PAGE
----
Is Colombia dangerous? The State Department does give the country a Level 2 travel advisory but does not include Cartagena among its Level 3 or Level 4 travel advisories for Colombian regions.

Keep in mind that places like France have a Level 2 travel advisory too—most of Colombia is quite safe, but it's a good idea to get an update from the people who actually live there

What are common scams in Colombia?

Most crimes in Cartagena are crimes of opportunity, which include petty theft or scams. Stay vigilant and aware of your surroundings—like you would in any city or unfamiliar place—and odds are that you’ll be just fine. Locals say these are some common scams:

  • Fake police officers ask to check your money for counterfeit bills. Avoid the scam by walking away, asking to see their badge, directing them to a nearby police officer, or calling Colombia’s tourist police at (1) 3374413. 
  • Pickpockets and thieves are common in tourist-heavy areas. Be sure to keep your belongings close and in sight. 
  • Taxi drivers sometimes scam passengers with rigged meters. Agree with your taxi driver on a fare in advance.
  • At bars, keep an eye on your drink, and don't accept food or drinks from strangers
  • Don’t flash valuables openly, and wear minimal jewelry or accessories. Use discretion when texting or making calls.

Take advantage of local insights when it comes to safety—ask one of our Colombian locals how they navigate their hometown safely. 

Work with a local to plan your trip.
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Do visitors to Colombia need special vaccinations?

Good news! You probably already have all your necessary vaccines.

In addition, the CDC recommends getting hepatitis A and typhoid vaccines before traveling to Colombia, although they are not required. If you're visiting smaller or more rural areas of Colombia, stay on the safe side and talk with your doctor about receiving these shots.

Check out our article on Colombia travel FAQs for more like this. 

Do people use Uber in Cartagena? Is it safe?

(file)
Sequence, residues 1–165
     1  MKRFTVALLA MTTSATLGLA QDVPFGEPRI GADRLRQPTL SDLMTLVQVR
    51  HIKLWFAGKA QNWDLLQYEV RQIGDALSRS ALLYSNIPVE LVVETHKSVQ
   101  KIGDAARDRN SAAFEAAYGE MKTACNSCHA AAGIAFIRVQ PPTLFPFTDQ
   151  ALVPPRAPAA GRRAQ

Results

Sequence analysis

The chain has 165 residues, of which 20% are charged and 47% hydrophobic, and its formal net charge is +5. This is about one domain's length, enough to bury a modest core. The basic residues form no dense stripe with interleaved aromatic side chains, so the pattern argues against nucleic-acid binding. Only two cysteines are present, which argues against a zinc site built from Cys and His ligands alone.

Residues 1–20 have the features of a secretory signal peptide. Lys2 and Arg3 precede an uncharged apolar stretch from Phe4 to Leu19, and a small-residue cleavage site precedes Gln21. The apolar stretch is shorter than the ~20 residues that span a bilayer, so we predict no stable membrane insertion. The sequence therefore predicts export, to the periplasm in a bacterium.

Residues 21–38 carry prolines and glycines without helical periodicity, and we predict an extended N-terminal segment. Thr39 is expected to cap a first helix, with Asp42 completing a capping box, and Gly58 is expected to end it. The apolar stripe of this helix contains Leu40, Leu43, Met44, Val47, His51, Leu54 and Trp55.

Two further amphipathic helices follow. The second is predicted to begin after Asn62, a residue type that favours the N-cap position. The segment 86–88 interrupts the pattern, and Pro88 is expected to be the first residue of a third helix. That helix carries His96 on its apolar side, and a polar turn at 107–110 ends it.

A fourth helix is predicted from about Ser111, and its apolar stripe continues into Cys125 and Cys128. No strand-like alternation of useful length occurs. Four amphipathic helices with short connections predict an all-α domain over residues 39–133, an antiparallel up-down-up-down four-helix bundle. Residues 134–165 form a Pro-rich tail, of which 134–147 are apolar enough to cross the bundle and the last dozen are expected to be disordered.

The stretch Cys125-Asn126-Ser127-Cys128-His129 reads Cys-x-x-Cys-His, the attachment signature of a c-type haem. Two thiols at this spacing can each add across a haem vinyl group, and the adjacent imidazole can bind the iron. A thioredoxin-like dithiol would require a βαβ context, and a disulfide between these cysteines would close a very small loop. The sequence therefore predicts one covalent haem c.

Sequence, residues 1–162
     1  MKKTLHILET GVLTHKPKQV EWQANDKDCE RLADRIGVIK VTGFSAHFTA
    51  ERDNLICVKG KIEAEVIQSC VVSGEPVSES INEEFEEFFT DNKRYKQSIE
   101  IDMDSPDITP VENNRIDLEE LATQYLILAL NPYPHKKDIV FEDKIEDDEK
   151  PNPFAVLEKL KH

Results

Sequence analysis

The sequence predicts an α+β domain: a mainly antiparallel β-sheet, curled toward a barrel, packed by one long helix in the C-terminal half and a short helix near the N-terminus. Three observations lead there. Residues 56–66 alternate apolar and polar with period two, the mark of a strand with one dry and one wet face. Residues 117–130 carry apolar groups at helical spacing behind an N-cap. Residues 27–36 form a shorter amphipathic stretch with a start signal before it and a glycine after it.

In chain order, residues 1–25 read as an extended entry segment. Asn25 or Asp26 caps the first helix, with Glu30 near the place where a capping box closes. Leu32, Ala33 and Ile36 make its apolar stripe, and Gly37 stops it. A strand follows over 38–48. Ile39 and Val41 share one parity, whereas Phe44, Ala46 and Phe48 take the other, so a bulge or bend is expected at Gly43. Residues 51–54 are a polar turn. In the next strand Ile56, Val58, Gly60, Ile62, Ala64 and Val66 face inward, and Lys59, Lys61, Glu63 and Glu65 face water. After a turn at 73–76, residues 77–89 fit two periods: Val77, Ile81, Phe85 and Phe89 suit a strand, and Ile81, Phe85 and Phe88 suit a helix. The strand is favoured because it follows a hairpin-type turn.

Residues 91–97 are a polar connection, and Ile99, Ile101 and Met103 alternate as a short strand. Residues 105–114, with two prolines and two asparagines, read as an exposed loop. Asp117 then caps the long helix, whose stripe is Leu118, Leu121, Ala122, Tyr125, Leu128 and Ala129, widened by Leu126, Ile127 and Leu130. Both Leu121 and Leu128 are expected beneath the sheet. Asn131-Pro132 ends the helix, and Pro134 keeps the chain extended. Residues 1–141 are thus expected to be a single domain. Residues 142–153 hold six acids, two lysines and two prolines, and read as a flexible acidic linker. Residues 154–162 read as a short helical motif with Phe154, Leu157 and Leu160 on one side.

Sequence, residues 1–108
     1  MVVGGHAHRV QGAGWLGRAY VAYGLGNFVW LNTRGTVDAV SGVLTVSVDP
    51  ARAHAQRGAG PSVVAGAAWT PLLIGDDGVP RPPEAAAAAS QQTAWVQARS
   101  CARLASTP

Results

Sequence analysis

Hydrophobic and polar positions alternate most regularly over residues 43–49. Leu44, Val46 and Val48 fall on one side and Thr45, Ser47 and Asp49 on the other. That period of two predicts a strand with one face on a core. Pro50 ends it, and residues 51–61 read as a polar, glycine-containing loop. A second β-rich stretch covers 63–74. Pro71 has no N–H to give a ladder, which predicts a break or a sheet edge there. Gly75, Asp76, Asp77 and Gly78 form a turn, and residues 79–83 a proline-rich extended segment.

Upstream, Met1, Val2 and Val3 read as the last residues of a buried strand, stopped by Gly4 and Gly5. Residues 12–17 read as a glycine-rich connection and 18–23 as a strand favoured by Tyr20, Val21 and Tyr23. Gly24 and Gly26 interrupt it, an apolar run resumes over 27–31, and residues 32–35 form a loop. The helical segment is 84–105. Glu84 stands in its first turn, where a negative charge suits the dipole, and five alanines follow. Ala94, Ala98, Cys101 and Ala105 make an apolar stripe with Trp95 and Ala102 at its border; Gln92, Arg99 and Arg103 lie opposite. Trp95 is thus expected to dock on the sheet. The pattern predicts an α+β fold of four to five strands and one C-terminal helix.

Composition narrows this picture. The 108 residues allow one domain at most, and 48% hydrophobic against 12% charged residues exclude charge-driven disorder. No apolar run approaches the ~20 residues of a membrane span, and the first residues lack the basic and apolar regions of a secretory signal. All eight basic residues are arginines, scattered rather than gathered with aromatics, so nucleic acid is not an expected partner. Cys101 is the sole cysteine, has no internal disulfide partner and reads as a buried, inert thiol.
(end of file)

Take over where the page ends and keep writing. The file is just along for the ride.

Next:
In January of 2020, Uber officially left Colombia. The company returned less than a month later, but with a new set of rules. Basically, you can now rent a car that comes with a driver.

Although taxi fare in Colombia is regulated by the government, scams can happen. By using regulated apps like EasyTaxi and Tappsi, you can minimize your risk of being scammed. It's also cheap and easy to book airport transportation on websites like GetYourGuide.

We know that figuring out transportation in a new city can be tricky—so use local advice! Our locals can provide detailed transit instructions. 

Is it safe to drink the tap water in Cartagena?

The tap water in most of Colombia’s major cities, including Cartagena, is perfectly safe to drink. If you are still concerned about the water, however, bottled and purified water is cheap and accessible everywhere. With that in mind, foods washed with tap water, such as fruits and vegetables, are all fine to consume—even from street vendors.

Anything else important to know about Cartagena?

Cartagena’s proximity to the equator is a recipe for sunburn, and you don't want to deal with that—talk about a trip ruiner. Whether you’re exploring Cartagena’s beautiful islands or simply lounging at one of the city’s best restaurants, it’s safest to lather up several times a day, as Cartagena’s sun is powerful. (Just make sure you check on the TSA’s requirements for travel liquids before you go.) 

Emergency numbers everyone should know

In the off chance that you run into any trouble while galavanting through Cartagena, here are some numbers to call for assistance.

  • National Emergency Number: 123
  • Tourist Police: (1) 3374413
  • Information: 113
  • U.S. Embassy in Colombia: (+57) (1) 275-2000
Still have questions about travel to Colombia?
Why not ask someone who lives there? ViaHero connects you with a local to help plan your trip. They’ll create a guidebook based on your personal travel style.
You’ll see a unique side of a destination and travel independently—all while saving time and money in the planning process. Find a local today.